required by Tennessee Code Annotated section 50-6-244(b) (1999),
affects the finality of that judgment. After a thorough review of the
record and careful consideration of relevant authorities, we have
determined that the failure to file the SD1 form contemporaneously
with the order of final judgment does not affect the finality of the
judgment. Accordingly, we agree with the Special Workers'
Compensation Appeals Panel in its dismissal of the appeal as untimely
because as it was not filed within the time prescribed by Rule 4 of
the Tennessee Rules of Appellate Procedure.
DEE ANN CURTIS GALLAHER v. CURTIS J. ELAM
Wayne Decatur Wykoff and Judith A. DePrisco, Knoxville, Tennessee, for
the Petitioner-Appellant, Dee Ann Curtis Gallaher.
L. Caesar Stair III and Margo J. Maxwell, Knoxville, Tennessee, for
the Respondent-Appellee, Curtis J. Elam.
Paul G. Summers, Attorney General and Reporter; Michael E. Moore,
Solicitor General; and Stuart F. Wilson-Patton, Assistant Attorney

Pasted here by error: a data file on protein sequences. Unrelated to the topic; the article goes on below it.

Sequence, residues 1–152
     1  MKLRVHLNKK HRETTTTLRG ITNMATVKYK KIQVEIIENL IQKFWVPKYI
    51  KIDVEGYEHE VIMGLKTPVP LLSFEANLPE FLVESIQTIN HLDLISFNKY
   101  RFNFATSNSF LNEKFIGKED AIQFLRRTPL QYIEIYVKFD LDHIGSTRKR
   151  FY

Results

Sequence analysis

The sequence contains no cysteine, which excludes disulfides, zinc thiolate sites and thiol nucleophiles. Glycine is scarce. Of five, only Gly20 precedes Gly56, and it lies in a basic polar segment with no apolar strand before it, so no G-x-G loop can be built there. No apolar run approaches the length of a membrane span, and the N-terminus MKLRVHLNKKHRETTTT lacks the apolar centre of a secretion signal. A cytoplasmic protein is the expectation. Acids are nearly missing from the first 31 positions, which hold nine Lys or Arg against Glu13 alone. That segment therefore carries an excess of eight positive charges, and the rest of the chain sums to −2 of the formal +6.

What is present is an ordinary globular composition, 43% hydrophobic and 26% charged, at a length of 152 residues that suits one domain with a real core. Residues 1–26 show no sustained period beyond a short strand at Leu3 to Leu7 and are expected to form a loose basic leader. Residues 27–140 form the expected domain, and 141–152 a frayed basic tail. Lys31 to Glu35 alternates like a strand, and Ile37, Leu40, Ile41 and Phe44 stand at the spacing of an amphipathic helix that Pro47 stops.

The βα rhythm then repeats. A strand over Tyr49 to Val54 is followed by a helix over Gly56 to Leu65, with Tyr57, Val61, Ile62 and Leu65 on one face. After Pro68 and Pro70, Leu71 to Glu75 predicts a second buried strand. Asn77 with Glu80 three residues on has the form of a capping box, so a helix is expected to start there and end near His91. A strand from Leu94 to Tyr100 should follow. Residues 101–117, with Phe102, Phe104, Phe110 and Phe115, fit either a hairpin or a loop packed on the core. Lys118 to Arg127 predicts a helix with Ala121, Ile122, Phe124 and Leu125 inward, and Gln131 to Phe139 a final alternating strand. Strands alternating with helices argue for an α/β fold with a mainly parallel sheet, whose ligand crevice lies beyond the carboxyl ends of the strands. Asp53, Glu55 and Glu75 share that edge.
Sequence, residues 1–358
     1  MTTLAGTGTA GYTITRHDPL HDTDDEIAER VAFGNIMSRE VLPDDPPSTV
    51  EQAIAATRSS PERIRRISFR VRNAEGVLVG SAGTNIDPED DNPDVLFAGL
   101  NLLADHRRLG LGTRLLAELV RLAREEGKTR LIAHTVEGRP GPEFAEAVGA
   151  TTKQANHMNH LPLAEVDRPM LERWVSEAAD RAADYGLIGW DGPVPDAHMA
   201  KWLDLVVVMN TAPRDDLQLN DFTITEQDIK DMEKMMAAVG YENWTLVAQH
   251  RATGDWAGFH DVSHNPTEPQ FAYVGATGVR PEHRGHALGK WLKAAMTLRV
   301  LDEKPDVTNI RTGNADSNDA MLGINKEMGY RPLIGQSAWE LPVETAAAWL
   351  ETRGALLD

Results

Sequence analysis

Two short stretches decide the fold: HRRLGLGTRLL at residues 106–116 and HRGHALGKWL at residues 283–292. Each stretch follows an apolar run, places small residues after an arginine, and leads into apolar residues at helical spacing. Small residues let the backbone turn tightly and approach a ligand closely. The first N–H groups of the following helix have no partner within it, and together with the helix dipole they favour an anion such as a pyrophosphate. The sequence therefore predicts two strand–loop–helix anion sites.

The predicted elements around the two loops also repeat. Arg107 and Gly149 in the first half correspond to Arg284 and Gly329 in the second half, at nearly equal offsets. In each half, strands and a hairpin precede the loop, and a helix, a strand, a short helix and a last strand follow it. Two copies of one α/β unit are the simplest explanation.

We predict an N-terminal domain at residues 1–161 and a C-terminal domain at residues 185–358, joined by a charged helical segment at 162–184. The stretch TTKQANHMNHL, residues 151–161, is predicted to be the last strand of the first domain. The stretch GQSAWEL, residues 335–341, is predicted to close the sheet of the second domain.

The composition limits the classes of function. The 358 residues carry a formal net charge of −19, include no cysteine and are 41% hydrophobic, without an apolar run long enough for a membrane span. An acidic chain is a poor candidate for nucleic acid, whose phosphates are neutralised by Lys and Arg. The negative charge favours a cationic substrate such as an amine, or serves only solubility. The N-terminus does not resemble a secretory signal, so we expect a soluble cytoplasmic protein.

General, Nashville, Tennessee, for the Intervenor, State of Tennessee.
In this appeal, the appellant challenges the constitutionality of the
Tennessee Department of Human Services Child Support Guidelines ("the
Guidelines"). The Court of Appeals upheld the trial court's
determination that chapter 1240-2-4-.03(4) of the Guidelines violates
the equal protection provisions of the federal and state
constitutions. We granted permission to appeal. After careful
consideration, we conclude that: (1) chapter 1240-2-4-.03(4) of the
Guidelines, which prohibits consideration of non-court-ordered child